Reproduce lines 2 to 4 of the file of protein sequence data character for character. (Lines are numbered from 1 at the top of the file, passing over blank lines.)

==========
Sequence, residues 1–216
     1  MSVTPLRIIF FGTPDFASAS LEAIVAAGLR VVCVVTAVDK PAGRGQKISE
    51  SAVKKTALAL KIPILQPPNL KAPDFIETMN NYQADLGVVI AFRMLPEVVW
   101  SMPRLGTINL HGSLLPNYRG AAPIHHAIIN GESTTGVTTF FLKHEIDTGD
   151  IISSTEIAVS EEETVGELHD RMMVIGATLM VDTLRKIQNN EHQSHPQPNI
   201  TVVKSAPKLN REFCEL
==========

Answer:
     1  MSVTPLRIIF FGTPDFASAS LEAIVAAGLR VVCVVTAVDK PAGRGQKISE
    51  SAVKKTALAL KIPILQPPNL KAPDFIETMN NYQADLGVVI AFRMLPEVVW
   101  SMPRLGTINL HGSLLPNYRG AAPIHHAIIN GESTTGVTTF FLKHEIDTGD